In the previously
published essay, I took the position that quite often you don’t have to
reply to an email you receive. In fact, while it’s frequently a knee-jerk
reaction to reply – even if only to agree with someone – it’s also frequently
the wrong thing to do and simply clutters up everyone’s inboxes and wastes your
time and theirs.
That essay closed with a simple little statement:
So if you need a selfish argument, it’s that only replying appropriately
will, as a side effect, also reduce the amount of email you need to deal with
Here’s the gem hidden in that statement: it’s not just about
Think for a moment about how much email you send every day; not how much you
get but how much email you send. If you’ve got a Sent Mail folder set up have a
look at the past few weeks or days of outgoing email.
Chances are it’s quite a bit. Email’s become quite the ubiquitous tool, and
if you’re interested in Taming Email,
it’s likely to be an important part of how you communicate.
Now consider that each and every one of those outgoing messages is request
for a response.
I’ll be more blunt: every time you send an email you are effectively asking
the recipient to send you an email in response.
You may not be asking in the form of some text in the message that says
“please reply”, but as we’ve seen in Is a Response Really Required?, many
people will respond anyway. And if your email is being sent to a
mailing list? You’ve just asked for multiple responses to your one little
email. You’ll get more than you give, and in this case that might not be the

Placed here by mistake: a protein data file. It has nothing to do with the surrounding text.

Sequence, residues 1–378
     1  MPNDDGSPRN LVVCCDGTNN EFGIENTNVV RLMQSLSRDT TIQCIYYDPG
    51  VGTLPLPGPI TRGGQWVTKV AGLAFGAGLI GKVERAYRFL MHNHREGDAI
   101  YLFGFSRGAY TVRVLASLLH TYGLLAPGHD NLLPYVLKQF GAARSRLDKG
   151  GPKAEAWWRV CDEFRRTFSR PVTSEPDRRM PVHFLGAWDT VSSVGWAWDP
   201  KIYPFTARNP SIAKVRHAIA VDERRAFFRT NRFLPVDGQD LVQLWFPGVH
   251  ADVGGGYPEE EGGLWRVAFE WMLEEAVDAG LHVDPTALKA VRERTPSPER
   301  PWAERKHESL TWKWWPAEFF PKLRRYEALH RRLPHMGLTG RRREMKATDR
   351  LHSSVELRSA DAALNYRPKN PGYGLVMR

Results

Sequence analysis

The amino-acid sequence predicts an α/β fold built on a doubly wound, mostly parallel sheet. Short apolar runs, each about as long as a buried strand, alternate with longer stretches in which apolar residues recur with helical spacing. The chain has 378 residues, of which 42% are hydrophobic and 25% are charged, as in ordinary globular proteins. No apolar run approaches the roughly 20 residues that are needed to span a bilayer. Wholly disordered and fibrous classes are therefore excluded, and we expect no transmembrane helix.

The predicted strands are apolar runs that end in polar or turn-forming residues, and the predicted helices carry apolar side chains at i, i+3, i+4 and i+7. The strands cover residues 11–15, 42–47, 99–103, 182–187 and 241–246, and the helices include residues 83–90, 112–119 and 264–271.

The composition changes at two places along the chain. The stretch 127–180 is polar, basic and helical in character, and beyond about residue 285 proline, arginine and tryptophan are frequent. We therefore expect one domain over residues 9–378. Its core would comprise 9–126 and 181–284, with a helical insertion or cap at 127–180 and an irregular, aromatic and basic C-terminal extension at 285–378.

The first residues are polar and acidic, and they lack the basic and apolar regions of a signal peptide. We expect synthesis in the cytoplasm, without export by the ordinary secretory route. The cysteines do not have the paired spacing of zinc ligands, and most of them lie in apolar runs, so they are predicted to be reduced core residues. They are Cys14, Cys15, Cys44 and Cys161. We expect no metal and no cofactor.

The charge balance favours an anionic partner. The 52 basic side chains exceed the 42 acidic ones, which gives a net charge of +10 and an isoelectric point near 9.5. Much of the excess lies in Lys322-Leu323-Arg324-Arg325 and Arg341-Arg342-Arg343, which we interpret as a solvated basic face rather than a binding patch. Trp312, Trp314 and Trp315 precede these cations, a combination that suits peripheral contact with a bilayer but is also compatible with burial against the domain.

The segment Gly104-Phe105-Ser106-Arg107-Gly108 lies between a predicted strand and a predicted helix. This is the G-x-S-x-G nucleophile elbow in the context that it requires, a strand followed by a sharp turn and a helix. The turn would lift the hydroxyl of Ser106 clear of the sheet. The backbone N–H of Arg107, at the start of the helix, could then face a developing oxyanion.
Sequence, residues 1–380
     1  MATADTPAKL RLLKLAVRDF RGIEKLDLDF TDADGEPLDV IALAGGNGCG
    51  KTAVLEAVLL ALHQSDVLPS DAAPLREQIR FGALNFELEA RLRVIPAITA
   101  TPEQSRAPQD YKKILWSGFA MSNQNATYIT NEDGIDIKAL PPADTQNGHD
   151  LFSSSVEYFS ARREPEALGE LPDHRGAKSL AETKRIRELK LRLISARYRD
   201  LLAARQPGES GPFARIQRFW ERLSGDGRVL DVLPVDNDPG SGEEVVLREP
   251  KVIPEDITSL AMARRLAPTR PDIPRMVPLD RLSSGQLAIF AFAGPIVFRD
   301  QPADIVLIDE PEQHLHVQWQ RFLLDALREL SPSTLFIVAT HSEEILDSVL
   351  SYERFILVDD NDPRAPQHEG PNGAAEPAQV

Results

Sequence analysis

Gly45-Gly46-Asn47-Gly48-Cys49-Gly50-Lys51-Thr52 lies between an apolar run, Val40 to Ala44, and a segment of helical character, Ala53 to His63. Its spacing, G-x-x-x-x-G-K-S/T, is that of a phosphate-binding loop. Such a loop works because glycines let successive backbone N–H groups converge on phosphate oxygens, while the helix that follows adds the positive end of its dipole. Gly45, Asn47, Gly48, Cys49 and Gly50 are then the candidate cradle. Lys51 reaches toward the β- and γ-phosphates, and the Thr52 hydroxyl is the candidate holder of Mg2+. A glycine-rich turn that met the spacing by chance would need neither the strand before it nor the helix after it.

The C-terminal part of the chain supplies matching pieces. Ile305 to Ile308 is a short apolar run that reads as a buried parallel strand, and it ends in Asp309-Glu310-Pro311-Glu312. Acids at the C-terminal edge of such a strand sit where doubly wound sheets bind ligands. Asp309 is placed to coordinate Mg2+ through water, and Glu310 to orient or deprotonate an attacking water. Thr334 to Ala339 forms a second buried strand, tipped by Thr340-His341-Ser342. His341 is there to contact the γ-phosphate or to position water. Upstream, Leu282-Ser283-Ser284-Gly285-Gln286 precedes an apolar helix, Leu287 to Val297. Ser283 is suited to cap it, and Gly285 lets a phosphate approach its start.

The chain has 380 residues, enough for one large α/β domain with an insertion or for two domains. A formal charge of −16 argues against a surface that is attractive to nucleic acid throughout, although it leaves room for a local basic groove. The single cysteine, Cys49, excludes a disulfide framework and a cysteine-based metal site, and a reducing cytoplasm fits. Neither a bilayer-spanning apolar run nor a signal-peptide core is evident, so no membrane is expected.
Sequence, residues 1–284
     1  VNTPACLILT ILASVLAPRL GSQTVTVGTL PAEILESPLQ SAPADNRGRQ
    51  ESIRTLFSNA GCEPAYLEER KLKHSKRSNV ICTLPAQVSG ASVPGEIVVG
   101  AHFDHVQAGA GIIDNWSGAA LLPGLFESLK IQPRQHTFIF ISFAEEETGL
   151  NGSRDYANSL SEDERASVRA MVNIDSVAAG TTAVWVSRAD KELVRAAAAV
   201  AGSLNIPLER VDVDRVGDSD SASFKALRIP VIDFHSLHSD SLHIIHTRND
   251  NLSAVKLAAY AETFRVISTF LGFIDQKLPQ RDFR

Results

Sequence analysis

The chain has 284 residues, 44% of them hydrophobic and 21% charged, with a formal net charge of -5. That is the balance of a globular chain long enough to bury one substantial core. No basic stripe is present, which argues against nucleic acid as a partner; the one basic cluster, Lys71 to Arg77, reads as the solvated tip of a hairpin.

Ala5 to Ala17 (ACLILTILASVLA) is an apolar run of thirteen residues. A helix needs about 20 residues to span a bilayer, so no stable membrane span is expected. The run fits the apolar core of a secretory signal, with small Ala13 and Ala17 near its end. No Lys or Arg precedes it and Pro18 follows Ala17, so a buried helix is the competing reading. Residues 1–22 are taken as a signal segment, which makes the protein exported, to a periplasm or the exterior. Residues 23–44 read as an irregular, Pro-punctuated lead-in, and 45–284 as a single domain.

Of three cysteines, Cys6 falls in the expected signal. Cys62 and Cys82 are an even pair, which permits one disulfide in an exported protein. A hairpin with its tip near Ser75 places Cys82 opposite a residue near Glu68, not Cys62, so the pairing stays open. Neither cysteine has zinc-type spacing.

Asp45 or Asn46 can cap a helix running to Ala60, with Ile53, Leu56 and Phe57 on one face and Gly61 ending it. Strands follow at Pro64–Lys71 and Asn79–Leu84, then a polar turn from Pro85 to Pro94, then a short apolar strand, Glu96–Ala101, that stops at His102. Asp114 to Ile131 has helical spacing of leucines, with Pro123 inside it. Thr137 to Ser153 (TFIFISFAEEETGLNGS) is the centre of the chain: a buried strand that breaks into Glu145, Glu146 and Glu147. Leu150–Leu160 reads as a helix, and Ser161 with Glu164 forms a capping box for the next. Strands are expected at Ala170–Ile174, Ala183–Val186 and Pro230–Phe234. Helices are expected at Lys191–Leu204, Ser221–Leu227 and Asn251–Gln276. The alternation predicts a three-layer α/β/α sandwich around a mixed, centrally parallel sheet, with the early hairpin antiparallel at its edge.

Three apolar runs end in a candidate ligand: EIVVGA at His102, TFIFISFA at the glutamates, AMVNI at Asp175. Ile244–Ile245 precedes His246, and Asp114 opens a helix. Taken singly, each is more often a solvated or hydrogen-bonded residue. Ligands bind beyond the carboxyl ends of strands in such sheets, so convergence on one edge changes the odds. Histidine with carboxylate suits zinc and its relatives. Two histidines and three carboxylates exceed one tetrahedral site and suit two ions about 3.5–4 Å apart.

So the simple trick I mentioned?
Send less email to get less email.
Before you send your next email; before you even write it perhaps, but at
least before you hit that Send button, ask yourself a few questions:
Do the people who are about to get your message really need to see it? Yes,
I’m asking you to actually question the value of the message you’re about to
send. The answer may well be “Yes”, but it’s always worth thinking about it
Are you sending to the right people? Consider everyone who’s about
to see your message. Do they all need to see it, or would a subset of
recipients be more appropriate. Remember, each recipient is an invitation for
another response in your inbox.
Do you want each recipient to respond? This works in two ways – it’s another
sanity check for making sure you’re sending your email to the right person or
people, and it’s also an invitation to craft your message appropriately.
Does your message imply a response is expected? Does it need to? Would it be
appropriate to actually, specifically, say that no response is
And lastly: is email the right tool for this job? I’ll cover this in a
future article, but while email is a very powerful and flexible hammer, not
everything is a nail.
I don’t mean to imply any absolutes in that list. Sometimes your email is
quite appropriate and necessary, everyone does need to see your
message, you do need to send it to a lot of people, and yes, perhaps
all of them need to respond.
But by getting in the habit of asking yourself those questions before
sending, you’ll actually be reducing your own email load as a result.
And the email loads of others, which is also a nice side benefit.
Just recognize that sometimes that email you’re about to send … perhaps